Our cars are made to measure: we mould the seats to the shape of the driver; we mould the steering wheel to the shape of the driver; we create a race suit for the driver, which is also made to measure. Obviously we couldn’t create any old jacket, bought off the shelf in small, medium and large, to accompany the car. It just wouldn’t be appropriate for our customers. We wanted to work with a company where we could come up with a design and they would be the engineers. Each jacket would be a one off, made-to-measure for each individual Mono customer. If someone has spent $200-300K on an exclusive car, he’s not going to mind spending money on a best of the best bespoke jacket. KTC got it immediately.
Their knowledge of fabrics, fit and the engineering meant they could create something that could perform exactly how we wanted it to
Did you say to KTC, this is a problem, now how are you going to solve it?
The first thing we did was put a regular jacket on one of our drivers, put the seat belt on marked tape areas of all the places that were still accessible. We then asked the drivers what they could reach or not reach, what were the no go zones. Then we said we wanted some pockets, so we created a location for pockets. We got some non-slip material for the back so that once you are in the car you can’t slip from left to right, for a little bit of extra support. We looked at seating position, what might make the arms wider, the curvature of the back - we left no stone unturned.
There must have been particular fit requirements, given the nature of the jacket?
This is why we had to work with experts like KTC, who knew how to engineer the jacket exactly how we needed it to fit. In the Mono you are laying down at 45° in a Formula One style seating position. If you have a regular jacket in the car, you get to much fabric gathering up around the stomach and the chest as there’s far too much fabric at the front. Because of this position, a regular jacket can pull so tight that the collar pulls into your throat. This had to be addressed, so initially we came up with something that was much nearer to the shape of cycling jacket because of the body position. Also, the car is very tight to the driver so we couldn’t have anything with any bulk when it came to the fabric.
Does the fact that it’s open top make a difference?
When you’re travelling at 150mph in an open top car the fabric can start flapping, which is uncomfortable and distracting. So we needed the jacket to fit really well, so KTC agreed to engineer a made to measure garment to alleviate that issue. Their knowledge of fabrics, fit and the engineering meant they could create something that could perform exactly how we wanted it to, minimizing any issues we might have.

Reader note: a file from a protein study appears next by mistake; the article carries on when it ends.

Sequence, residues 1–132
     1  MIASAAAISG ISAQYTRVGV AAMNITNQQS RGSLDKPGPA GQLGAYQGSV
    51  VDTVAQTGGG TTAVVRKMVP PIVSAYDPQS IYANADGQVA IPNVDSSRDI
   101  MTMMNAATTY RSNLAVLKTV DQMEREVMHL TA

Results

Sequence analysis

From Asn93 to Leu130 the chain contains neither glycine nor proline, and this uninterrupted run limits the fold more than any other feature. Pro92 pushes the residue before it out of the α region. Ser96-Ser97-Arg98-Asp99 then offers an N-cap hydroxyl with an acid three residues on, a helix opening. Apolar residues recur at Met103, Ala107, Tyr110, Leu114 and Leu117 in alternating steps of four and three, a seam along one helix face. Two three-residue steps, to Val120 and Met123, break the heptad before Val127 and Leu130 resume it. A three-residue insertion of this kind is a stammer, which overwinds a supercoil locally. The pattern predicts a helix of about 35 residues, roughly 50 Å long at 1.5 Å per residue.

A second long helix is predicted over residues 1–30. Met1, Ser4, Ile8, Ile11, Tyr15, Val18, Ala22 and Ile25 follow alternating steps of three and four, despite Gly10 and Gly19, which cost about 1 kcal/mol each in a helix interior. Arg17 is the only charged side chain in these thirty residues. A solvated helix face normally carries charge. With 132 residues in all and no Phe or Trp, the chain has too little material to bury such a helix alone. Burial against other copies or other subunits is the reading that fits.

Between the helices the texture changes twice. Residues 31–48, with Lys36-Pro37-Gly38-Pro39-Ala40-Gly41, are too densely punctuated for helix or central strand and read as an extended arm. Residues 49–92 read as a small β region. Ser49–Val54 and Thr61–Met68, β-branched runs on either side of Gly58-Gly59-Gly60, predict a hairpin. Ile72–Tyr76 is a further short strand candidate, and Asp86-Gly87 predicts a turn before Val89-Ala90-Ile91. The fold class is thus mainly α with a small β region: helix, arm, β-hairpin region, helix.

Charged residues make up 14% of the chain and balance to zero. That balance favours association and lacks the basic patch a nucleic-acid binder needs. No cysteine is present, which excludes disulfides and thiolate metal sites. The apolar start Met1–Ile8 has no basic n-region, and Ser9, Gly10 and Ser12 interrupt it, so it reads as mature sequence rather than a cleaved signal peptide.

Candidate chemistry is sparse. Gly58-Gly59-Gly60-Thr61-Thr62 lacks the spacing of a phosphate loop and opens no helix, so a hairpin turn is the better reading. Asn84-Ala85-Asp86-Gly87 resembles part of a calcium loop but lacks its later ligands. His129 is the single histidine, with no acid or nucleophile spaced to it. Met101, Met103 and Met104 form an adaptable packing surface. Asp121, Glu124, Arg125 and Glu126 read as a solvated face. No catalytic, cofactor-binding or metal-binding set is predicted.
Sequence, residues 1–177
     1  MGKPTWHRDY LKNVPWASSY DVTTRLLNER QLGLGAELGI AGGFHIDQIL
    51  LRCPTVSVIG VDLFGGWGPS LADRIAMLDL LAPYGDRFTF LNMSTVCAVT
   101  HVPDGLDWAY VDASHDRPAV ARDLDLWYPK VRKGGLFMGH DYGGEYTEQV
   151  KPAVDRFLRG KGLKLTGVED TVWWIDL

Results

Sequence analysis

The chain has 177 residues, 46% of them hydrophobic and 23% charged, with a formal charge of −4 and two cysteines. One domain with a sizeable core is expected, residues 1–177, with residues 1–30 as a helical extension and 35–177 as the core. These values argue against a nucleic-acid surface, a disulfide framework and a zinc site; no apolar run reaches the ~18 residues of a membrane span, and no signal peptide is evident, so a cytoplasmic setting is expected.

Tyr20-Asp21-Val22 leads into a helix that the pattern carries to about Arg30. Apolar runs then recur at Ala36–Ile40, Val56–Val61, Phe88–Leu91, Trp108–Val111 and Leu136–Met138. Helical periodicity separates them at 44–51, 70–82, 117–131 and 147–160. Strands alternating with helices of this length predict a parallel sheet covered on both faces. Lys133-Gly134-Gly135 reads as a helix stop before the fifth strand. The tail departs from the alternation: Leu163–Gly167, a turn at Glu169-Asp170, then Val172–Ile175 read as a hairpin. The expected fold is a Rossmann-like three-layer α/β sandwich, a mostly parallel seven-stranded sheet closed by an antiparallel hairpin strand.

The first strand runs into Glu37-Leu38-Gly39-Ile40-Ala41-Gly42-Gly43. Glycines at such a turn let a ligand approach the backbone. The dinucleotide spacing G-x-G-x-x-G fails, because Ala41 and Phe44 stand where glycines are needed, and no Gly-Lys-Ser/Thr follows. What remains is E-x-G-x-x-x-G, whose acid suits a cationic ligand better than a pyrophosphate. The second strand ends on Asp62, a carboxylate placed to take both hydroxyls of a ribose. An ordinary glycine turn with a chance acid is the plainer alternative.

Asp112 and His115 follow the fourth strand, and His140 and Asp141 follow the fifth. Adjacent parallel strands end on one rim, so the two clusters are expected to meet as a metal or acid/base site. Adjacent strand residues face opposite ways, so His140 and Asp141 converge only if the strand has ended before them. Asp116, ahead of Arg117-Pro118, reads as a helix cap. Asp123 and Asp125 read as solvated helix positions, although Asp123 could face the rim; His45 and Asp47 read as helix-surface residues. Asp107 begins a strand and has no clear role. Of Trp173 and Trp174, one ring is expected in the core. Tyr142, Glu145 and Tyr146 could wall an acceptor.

The people who come to us, come in their own jets
You mentioned the positioning of the pockets. Are they different from a conventional jacket too?
You can’t do anything on the outside of your arm, because it you do it is going to touch the inside of the car. Every time you move you arm it’ s going to interfere, so we worked with KTC to create a very small pocket on the bicep instead. With the pockets you normally get by your abdomen, these now face backwards because when you are in the car you can’t get your hand far enough back to put your hand in the pocket to take something out, but what you can do is take the arm from the opposite side and put it in the pocket facing backwards. We have tried to think about absolutely everything you might face with a normal jacket when you get into the car.
How does the jacket reflect the spirit of the car?
We designed it very much with the aesthetic of the car in mind. We didn’t want to be as naff as to copy any elements of the car, it just need to function in the right way. A lot of rally cars in the 1970s used to paint the bonnets matt black (to stop reflections into the drivers eyes) – it was a symbol that something was very much purpose designed. We have tried to keep the whole cockpit dark and as un-distracting as possible, so the forearms of the jacket are also dark with dark gloves, so when you are driving you don’t have white arms flailing around in front of you. That straightaway gives it a certain kind of design aesthetic.
How important are the levels of craftsmanship KTC offers you?
At each stage of the process the detailed solutions and the workmanship has been top class. The people who come to us, come in their own jets. They’re wearing $50k watches, so everything has to represent the pinnacle quality. You only ever see that Gore label on really high quality products from all the top companies. Knowing that we work with KTC - who works with Gore-Tex fabrics - speaks for itself and made the project really exciting for us.
For many years ‘Made in China’ has had a negative perception in the west? We believe that activity specific apparel made in China is the best in the world? What are your thoughts on this in relation to KTC?
Back in the 1970s, made in Japan probably had the same stigma attached. Today, made in Japan does not, in any way, give a negative vibe. Companies like KTC who are making high-end products are changing perceptions. China has an aerospace industry; it has an aircraft industry; China makes super high quality telephones and clothes. But for me the fact that KTC was recommended by Gore - and from the work I have seen from them so far - it could be made on the moon as far as I am concerned. If it’s top quality, and it is, then I am happy wherever it’s made.